I’m sitting in Orlando International. It’s 3:30 pm on 10.27.18. In one of those unwelcome serendipities, like magic you wish didn’t exist, I clicked a CNN notification on my phone that paraphrased president Trump, who said an armed guard outside the synagogue would have led to a better outcome. Simultaneously, the audio piping overhead from a TV just behind me documented the fallout of a shooting. About 32 hours ago, I was presenting a session at a conference on the value of global education: of reading everything, engaging the other, and thinking big; on the skills that such a dynamic education cultivates; on being prepared to live shoulder-to-shoulder with diversity; on compassion, empathy, and wisdom.
I don’t know anything about the shooter, who is now in custody. I don’t know what compels someone—what degree of misunderstanding, loathing, and fear—to commit such an atrocity. At a house of worship. Against defenseless people whose only agenda in that moment was to love. At last count, 11 were dead and several were injured, including some first responders who ran into the fire. My initial thoughts are a swirling morass, the type of stream-of-consciousness that I ask my students to write when I introduce them to interesting music. Because they are disorganized, I need to stream myself, so I remember.
11 families have just lost loved ones. I don’t know their names, but the victims were not anonymous. They had lives, dreams, frustrations, and passions—snuffed out in a moment. Their lives carved paths of consequence. In the hearts of so many, in spite of the footprints, abysses remain.
I wonder what the shooter’s childhood was like. What kind of student he was. How he was among friends. If he was ever victimized. Was he a spiritual man? Was he a reader? What kind of books did he read? What kinds movies did he watch? Did he love music? Had he ever traveled to strange place?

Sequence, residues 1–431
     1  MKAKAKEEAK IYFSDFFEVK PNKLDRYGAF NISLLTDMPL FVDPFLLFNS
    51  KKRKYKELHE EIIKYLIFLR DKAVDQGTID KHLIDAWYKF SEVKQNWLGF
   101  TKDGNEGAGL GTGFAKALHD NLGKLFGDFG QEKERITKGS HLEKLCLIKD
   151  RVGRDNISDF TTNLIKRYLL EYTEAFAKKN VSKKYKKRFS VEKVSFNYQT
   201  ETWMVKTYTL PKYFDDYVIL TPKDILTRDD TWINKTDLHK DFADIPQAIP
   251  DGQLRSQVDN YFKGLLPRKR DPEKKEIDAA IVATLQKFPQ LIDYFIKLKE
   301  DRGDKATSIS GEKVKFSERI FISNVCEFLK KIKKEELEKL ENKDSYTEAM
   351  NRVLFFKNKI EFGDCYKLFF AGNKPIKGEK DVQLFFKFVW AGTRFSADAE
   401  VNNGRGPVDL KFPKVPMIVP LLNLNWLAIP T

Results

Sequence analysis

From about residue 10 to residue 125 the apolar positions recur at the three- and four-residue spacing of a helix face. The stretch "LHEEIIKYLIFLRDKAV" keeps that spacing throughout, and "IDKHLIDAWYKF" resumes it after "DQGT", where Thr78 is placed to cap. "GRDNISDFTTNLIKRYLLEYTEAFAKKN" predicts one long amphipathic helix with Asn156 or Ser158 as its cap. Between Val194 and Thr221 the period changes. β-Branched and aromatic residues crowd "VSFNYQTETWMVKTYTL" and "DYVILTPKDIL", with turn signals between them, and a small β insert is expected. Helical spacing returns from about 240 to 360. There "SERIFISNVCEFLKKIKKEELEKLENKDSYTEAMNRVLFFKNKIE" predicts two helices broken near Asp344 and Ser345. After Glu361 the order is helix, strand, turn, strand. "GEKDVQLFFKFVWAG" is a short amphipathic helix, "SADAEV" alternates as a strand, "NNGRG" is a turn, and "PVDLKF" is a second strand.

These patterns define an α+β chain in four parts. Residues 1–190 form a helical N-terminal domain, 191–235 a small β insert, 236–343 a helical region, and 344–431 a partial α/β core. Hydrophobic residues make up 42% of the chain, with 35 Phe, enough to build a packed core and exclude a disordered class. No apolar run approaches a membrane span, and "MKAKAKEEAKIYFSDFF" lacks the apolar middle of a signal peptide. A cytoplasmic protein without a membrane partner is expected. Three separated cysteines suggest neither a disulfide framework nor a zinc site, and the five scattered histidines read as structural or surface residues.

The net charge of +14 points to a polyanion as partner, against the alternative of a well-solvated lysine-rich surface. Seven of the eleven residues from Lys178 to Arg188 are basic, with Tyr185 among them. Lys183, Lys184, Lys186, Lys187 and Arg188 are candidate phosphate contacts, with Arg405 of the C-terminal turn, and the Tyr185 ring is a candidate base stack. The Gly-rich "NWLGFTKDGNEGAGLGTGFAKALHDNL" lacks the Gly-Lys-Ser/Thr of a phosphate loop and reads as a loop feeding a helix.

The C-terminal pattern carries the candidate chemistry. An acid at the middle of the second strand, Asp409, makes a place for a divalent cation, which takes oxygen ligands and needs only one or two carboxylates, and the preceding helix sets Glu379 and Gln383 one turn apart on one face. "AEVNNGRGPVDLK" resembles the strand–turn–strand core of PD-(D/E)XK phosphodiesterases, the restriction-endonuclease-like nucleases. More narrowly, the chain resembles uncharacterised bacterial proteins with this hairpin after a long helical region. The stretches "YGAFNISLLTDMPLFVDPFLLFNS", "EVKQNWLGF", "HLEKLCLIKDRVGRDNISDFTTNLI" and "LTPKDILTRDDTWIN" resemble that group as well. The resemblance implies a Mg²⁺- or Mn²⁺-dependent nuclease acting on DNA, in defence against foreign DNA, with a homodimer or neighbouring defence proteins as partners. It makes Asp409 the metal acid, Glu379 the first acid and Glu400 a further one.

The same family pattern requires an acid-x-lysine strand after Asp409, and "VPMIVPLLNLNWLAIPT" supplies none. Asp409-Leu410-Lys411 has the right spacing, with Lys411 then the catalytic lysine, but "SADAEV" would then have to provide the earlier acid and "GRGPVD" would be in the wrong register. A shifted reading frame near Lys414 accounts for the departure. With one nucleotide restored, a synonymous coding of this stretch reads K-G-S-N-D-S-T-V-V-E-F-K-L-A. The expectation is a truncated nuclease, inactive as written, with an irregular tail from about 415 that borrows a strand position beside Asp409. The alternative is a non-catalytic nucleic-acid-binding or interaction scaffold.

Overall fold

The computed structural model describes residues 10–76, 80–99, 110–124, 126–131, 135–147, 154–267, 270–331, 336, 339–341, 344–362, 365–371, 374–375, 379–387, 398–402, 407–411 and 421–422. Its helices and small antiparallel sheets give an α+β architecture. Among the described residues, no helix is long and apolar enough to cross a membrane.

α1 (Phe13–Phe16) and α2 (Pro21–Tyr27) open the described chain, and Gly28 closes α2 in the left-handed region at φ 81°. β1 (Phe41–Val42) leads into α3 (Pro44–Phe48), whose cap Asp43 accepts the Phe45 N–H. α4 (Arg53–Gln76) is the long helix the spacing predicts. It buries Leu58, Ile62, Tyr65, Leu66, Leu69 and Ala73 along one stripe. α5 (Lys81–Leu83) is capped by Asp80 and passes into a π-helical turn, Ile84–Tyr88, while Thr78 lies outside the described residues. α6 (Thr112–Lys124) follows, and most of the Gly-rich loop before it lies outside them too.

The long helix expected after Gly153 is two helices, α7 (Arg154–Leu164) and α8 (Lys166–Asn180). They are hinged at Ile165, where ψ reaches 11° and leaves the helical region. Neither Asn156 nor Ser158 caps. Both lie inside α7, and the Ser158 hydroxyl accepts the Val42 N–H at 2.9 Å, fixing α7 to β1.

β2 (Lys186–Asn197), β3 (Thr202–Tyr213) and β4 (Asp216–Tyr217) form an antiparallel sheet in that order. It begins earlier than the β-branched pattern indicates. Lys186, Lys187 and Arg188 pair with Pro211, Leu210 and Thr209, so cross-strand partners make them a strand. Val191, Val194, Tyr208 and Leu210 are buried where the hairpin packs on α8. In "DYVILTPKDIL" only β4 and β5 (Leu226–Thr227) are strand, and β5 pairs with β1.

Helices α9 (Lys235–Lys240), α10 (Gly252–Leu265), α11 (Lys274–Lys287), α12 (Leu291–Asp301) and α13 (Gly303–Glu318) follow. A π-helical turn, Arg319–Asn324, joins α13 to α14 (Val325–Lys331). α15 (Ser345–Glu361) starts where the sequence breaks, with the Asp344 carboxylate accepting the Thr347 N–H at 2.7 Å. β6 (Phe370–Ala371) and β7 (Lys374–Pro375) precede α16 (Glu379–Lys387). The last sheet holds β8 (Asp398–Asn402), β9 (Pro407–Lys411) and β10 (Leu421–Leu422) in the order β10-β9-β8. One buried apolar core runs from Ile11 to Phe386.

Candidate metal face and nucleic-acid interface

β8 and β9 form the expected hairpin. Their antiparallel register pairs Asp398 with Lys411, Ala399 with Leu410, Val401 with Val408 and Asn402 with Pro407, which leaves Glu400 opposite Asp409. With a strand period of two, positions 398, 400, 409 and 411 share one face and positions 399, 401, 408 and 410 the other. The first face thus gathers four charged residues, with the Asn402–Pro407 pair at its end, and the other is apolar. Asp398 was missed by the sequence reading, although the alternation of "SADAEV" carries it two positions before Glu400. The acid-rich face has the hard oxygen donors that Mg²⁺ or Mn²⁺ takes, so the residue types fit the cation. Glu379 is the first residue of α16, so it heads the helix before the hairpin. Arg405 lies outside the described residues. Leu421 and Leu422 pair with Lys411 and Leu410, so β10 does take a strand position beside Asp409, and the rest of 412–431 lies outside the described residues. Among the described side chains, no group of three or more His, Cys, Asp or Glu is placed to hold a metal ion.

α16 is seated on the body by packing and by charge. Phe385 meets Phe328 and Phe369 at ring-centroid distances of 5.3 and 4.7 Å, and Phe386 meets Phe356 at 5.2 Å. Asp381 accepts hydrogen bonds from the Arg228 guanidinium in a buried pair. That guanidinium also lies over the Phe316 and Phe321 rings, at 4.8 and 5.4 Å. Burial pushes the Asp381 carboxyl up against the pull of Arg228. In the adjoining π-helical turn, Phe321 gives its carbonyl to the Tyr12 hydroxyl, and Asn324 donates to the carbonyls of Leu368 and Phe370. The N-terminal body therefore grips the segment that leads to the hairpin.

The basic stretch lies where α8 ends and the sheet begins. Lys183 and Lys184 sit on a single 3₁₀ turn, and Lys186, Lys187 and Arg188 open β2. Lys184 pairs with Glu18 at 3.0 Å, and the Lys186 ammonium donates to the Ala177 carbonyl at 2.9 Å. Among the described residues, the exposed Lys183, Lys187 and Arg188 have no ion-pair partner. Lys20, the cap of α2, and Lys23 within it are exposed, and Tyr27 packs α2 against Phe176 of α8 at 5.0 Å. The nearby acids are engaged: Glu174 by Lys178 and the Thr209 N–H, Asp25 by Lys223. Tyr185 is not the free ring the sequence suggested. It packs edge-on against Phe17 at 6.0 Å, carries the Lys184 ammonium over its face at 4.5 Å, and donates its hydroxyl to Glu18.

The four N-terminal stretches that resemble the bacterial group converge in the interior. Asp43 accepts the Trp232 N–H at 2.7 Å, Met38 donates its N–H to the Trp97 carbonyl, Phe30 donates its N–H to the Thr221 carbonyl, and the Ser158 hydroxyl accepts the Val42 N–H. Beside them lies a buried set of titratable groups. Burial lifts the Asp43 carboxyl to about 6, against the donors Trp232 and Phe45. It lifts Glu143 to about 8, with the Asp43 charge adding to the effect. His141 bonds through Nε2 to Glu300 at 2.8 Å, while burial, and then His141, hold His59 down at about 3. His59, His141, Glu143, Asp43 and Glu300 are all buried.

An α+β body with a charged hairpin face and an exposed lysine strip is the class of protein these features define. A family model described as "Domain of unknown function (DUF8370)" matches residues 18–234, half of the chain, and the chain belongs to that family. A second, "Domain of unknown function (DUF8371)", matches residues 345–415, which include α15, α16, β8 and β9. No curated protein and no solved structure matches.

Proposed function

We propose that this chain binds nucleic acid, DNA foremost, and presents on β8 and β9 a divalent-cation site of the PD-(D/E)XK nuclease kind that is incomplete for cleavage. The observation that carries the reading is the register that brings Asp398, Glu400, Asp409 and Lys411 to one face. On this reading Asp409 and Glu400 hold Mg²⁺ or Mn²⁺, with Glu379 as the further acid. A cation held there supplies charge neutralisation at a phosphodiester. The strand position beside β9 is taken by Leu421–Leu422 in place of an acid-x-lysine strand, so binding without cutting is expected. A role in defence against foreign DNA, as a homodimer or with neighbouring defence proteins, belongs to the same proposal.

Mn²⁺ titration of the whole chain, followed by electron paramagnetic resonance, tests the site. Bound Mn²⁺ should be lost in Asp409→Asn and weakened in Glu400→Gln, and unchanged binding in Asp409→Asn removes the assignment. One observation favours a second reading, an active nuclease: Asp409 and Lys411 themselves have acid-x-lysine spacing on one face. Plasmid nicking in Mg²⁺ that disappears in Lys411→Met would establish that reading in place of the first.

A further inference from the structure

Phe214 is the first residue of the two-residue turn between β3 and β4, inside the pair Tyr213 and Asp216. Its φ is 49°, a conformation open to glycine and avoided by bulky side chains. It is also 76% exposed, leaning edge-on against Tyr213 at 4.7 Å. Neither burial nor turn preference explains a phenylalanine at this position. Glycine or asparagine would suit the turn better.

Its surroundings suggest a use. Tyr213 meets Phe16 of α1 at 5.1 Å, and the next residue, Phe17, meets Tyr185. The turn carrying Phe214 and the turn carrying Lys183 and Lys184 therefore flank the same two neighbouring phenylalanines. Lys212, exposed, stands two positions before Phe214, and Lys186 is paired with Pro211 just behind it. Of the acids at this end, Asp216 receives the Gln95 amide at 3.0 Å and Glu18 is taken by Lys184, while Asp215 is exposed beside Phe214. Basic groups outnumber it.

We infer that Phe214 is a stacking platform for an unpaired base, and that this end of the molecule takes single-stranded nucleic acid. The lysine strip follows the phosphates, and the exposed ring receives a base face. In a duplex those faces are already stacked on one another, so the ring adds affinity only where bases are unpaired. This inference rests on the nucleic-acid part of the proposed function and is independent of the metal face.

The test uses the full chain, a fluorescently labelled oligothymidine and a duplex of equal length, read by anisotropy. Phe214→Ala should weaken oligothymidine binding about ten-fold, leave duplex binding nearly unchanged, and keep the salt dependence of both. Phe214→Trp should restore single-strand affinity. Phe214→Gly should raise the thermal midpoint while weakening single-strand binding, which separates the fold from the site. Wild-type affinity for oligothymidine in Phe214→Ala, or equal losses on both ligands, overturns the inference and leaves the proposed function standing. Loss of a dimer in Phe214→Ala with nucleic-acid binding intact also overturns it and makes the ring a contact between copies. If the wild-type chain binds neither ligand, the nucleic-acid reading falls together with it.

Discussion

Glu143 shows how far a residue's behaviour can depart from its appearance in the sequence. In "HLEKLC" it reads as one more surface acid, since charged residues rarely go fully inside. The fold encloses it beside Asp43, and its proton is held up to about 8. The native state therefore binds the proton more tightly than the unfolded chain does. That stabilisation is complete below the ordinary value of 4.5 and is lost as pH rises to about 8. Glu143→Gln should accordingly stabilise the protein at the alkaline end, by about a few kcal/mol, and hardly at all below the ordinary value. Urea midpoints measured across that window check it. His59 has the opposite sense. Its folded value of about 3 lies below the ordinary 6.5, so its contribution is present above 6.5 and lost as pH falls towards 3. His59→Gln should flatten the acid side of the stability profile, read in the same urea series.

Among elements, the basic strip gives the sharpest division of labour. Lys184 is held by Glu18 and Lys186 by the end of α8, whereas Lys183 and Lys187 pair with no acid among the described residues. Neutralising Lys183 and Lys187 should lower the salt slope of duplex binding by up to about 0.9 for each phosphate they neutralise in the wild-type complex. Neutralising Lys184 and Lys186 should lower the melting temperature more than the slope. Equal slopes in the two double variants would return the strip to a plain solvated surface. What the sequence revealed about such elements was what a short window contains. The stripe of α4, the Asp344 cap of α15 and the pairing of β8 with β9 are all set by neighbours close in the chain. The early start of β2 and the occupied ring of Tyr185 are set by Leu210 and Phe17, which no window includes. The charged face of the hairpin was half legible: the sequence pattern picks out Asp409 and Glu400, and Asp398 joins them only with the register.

Had someone or something broken him?
I know we’re biologically predisposed to much, but I also know that environment helps determine our dispositions.
I’m so sick of press conferences with panels of authorities and homogeneous, official-looking somebodies awkwardly standing behind, betraying grim looks, and each speaker echoing the same scripted sentiments. What else are they supposed to say? No clue. But something sincere and authentic. I want someone to get pissed off on the mic and be a fearless advocate for good and an inexhaustible adversary of evil—but not of people. I’m sick of blanket statements that claim “our” or “American” values. Why not "human" values? Who gave anyone permission to speak for me, to represent in a terse statement the volume and complexity of my thoughts and values? I’m sick of pandering politicians of all stripes who patronize and then assume I tote the line.
I’m sick of manipulation, especially when it manifests as pure, divisive pathos. Something drove the shooter to this; I bet supercharged, manipulative rhetoric was involved.
I’m sick of our slavery to optics. Must I make a spectacle, engage in public therapy, a testimonial on the alter to be respected? Do I have to sell my sincerity, my grief, my revulsion, and my dedication? People just died.
The Squirrel Hill Synagogue is called The Tree of Life. The symbolism and significance transfix me. Trees—Emblems of strength and resilience, of growth and progress. Of Relationships. Perpetual victims of parasites, weather, and time—relentlessly reaching out and out. Converting the energy of a scar into stronger roots, roots that meander and wander and connect. Family trees. The human family.
I’m sick of catastrophes catalyzing action. But if this is what it takes, I hope we don’t squander these 11 opportunities to dignify life and do some good. To leave a positive footprint.
The moral arc of the universe will only bend towards Justice if the Just create that reality.
Global Initiatives Director
This blog is the collective voice of every person involved in the Global Initiative. Just as the globe hosts billions of disparate voices, we hope this space will embody and embrace the same diversity.